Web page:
Nerve growth factor binding to TrkA receptors on inflammatory cells stimulates the release of inflammatory mediators such as histamine, serotonin, 5-hydroxytryptamine, PGE, and NGF itself. Many of these mediators are known to bind receptors on the peripheral terminal of nociceptors and initiate signaling that causes nociceptor sensitization. Thus, binding to inflammatory cells is another mechanism by which NGF promotes peripheral sensitization.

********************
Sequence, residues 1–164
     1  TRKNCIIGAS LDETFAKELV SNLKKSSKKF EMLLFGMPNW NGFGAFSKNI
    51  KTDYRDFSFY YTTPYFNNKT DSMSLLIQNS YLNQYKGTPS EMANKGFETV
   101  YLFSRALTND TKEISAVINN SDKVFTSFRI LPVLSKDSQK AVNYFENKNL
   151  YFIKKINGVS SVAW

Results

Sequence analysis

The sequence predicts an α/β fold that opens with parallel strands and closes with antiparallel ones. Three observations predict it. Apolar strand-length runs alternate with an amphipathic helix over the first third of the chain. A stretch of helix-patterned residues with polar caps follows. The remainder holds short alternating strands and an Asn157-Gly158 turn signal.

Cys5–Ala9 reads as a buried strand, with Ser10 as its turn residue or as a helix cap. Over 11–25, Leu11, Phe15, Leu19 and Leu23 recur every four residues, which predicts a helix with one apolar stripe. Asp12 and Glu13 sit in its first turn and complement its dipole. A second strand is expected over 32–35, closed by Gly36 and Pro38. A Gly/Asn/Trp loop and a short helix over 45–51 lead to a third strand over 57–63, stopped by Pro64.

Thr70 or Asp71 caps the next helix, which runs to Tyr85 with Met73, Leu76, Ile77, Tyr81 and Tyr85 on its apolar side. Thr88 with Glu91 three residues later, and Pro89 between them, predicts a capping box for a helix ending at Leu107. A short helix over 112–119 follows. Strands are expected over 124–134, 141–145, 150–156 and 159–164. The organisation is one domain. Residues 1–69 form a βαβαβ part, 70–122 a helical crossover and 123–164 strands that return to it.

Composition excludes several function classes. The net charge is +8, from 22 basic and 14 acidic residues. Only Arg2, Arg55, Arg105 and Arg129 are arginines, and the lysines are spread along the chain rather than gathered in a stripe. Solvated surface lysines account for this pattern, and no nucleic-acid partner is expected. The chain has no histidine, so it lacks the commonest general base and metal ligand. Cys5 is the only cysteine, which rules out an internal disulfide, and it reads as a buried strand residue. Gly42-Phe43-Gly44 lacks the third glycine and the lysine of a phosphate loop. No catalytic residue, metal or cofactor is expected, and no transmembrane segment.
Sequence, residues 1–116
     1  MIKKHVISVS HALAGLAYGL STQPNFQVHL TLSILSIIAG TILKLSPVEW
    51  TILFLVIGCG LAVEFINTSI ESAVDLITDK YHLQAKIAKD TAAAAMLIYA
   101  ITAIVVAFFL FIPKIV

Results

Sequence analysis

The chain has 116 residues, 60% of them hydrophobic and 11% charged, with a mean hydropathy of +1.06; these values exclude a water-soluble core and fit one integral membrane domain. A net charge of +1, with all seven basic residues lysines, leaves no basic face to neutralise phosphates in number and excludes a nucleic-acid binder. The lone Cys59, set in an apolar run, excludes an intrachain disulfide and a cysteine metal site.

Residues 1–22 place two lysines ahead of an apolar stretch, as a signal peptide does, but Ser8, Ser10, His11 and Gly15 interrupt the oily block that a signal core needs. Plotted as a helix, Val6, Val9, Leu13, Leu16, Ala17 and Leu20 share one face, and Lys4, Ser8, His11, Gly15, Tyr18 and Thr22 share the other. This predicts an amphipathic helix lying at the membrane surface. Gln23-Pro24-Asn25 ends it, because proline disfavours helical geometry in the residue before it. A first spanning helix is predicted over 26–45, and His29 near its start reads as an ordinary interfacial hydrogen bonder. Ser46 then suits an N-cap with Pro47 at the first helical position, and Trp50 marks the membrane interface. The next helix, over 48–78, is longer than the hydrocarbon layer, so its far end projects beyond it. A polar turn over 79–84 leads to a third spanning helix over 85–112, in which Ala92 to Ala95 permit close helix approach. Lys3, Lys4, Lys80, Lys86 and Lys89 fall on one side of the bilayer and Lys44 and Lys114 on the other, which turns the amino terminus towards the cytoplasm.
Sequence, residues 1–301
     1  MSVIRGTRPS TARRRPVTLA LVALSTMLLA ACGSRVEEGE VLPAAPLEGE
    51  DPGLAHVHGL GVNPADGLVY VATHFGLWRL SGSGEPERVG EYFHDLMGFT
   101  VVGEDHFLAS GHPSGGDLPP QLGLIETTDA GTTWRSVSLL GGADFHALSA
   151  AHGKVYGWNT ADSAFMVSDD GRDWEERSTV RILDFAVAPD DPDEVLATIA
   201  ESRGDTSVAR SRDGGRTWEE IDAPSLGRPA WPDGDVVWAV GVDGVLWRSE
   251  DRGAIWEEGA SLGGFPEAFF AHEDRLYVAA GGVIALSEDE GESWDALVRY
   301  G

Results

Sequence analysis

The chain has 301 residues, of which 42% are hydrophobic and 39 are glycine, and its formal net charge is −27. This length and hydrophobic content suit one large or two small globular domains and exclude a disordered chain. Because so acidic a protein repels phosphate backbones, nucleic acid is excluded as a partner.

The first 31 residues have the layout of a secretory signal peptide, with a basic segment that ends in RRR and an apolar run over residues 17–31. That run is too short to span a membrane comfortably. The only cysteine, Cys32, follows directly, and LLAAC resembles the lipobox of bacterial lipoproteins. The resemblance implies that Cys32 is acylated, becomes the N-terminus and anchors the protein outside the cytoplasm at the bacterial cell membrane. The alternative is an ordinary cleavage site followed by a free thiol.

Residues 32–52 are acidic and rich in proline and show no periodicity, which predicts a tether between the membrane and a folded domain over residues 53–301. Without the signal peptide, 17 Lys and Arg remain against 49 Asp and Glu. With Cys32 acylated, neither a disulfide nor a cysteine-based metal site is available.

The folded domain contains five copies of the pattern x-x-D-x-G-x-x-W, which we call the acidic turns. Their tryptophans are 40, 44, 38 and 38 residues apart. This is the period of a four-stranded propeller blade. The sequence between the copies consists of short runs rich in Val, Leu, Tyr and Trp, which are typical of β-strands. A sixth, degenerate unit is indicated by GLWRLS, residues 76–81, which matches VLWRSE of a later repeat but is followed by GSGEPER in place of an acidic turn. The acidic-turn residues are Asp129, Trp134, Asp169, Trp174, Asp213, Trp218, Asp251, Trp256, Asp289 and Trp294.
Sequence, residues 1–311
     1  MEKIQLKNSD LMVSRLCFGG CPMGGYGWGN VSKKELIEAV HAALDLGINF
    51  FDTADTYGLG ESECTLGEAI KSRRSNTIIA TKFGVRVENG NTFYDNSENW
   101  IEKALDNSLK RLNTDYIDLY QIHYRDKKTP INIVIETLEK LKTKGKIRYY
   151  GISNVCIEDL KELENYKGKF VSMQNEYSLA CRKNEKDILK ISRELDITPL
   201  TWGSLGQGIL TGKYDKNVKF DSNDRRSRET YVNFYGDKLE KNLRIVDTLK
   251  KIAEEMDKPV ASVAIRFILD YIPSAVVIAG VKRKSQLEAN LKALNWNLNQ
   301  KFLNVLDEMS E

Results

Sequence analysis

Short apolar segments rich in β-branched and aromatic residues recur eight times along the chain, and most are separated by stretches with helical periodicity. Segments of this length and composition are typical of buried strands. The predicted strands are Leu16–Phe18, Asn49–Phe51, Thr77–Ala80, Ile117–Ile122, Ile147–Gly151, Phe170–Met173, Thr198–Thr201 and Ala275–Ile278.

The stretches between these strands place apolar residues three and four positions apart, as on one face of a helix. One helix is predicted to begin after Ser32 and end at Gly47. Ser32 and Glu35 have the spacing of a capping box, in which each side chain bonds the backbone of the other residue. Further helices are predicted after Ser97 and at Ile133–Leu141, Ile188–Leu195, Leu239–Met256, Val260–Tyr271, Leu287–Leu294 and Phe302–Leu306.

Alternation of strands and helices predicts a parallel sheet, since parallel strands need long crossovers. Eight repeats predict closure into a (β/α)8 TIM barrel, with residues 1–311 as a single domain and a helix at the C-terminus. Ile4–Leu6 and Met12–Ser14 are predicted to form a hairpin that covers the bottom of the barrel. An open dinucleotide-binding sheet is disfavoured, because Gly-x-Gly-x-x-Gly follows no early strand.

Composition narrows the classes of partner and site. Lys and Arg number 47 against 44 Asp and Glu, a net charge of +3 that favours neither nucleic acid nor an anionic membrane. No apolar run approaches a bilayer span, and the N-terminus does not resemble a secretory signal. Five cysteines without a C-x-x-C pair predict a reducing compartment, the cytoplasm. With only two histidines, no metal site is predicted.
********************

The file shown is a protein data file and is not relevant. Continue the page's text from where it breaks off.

As mentioned earlier, NGF may also contribute to pain hypersensitivity by increasing sensory nerve terminal density at the site of injury through stimulation of local neuronal sprouting. Administration of NGF stimulates axonal sprouting of the rat sciatic nerve in vitro that is accompanied by thermal hyperalgesia in vivo. Studies in mouse models of bone cancer pain and joint pain have also shown increased sprouting of TrkA+ sensory neurons and the formation of painful neuroma-like structures, which can be inhibited by NGF-Ab administration. Nerve growth factor–induced neuronal sprouting within the DRG and dorsal horn may also play a role in pain hypersensitivity. In a rodent model of chronic mirror pain, peripheral nerve injury has been shown to cause release of NGF from satellite glia in the affected DRG, which may even spread to the contralateral DRG to induce synapse-like structures within CGRP+ fibers. Overexpression, through injection of NGF-expressing adenovirus, of NGF in the dorsal horn of adult rats causes peptidergic axonal sprouting throughout the dorsal horn and into the ventral horn and lateral funiculus that is accompanied by thermal and mechanical hyperalgesia. Nerve growth factor also induces sprouting/remodeling of TrkA+ sympathetic nerves, and because increased sympathetic tone is associated with certain chronic pain conditions and is believed to contribute to long-term pain hypersensitivity, this may represent another pronociceptive action of NGF.